(Nisanthro) #8

Many people don’t know this. Add the hydrostatic capsule and camera drones description into the tutorial!

o/


(Whitehound) #9

While I agree that the lighting of the game needs to be presented in a way so the game remains playable and we’re not just looking at a black screen with a few coloured tags, would it be nice if we did have a bit more black in some of the backgrounds and a few darker suns, too.

Also all the stars in the background image shouldn’t be big, fat, squishy dots. Many of them currently have sizes greater than planets, but give off less light than real planets reflect. It’s as if all those background stars were specks of glowing dust. Most of the background stars really should only occupy a single pixel.

A bit more finesse in the graphics would go a long way.


(Whitehound) #10

Then those need fixing, because they’re obviously not doing a good job.


(Nana Skalski) #11

I think CCP artists were influenced by Vincent van Gogh

Title of this artwork is Starry Night.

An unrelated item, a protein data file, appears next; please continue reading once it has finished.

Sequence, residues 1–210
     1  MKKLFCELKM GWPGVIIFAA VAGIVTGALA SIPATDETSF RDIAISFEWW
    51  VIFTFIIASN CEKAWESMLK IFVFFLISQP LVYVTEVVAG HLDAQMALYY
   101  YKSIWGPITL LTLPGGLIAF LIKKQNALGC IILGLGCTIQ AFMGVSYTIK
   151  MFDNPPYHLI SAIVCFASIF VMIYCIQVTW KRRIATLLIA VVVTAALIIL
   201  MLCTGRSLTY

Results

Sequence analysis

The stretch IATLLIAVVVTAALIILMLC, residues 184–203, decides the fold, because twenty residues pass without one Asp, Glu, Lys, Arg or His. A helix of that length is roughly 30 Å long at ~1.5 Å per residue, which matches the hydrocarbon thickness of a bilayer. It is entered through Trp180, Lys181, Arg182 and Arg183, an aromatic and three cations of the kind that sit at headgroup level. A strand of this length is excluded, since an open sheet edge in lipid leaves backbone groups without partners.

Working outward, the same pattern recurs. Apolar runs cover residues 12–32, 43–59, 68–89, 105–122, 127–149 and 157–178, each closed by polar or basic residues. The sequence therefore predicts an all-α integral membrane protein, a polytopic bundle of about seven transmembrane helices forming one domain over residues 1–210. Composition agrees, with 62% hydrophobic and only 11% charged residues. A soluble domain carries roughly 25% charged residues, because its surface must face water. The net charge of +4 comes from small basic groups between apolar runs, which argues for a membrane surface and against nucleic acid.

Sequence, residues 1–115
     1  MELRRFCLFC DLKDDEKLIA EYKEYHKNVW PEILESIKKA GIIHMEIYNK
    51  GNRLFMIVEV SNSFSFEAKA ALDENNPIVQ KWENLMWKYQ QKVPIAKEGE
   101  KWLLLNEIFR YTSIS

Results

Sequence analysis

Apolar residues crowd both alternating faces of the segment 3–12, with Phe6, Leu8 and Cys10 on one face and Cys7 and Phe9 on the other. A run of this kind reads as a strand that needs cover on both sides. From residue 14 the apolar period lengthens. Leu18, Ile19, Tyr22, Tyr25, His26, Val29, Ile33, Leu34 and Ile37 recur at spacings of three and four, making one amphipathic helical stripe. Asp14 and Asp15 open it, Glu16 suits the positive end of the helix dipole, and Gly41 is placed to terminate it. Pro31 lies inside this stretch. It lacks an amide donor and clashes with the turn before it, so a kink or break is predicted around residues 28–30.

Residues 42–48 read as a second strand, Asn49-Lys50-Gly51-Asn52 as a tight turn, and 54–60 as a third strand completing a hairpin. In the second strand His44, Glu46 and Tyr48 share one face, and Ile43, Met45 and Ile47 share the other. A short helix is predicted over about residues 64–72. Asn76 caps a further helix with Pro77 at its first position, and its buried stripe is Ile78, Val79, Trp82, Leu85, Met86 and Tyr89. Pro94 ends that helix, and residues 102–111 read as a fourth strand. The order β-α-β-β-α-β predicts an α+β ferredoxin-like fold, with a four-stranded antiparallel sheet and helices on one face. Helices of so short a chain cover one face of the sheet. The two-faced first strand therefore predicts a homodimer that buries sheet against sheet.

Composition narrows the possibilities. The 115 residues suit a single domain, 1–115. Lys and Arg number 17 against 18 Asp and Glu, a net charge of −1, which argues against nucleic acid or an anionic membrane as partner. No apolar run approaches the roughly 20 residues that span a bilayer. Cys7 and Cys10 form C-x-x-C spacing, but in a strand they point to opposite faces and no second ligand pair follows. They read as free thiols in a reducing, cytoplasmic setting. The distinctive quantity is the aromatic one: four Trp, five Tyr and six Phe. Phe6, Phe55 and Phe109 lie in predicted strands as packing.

(Dravick Afterthought) #12

Funny - despite all the “Stars are too bright, fix it CCP !” genre of posts that appear from time to time, I don’t ever recall seeing a post complaining “Warp drives don’t really exist, fix it CCP !”


(Tuttomenui II) #13

https://community.eveonline.com/backstory/short-stories/the-jovian-wet-grave/

They are working just fine, Do you blame night vision goggles for making a dark room to bright? Not unless your a silly fool. Making the dark room bright is the damn purpose of night vision goggles after all.

https://oldforums.eveonline.com/?a=topic&threadID=1414637


(Nicolai Serkanner) #14

Disco!


(Whitehound) #15

Oh no, nobody is saying this, but since you’re making an analogy to night-vision there are certainly differences in quality of night vision systems. This is what you need to think about.

People don’t want washed out, low dynamic range graphics. You can certainly have the impression of the sun being fainter at a distance without a scene being fully realistic and completely dark.

Right now, when you fly to the sun, does one get some post-processing effect, which illuminates the background somewhat, and that’s about it.

Regarding the background stars is this the best I could find right now in game: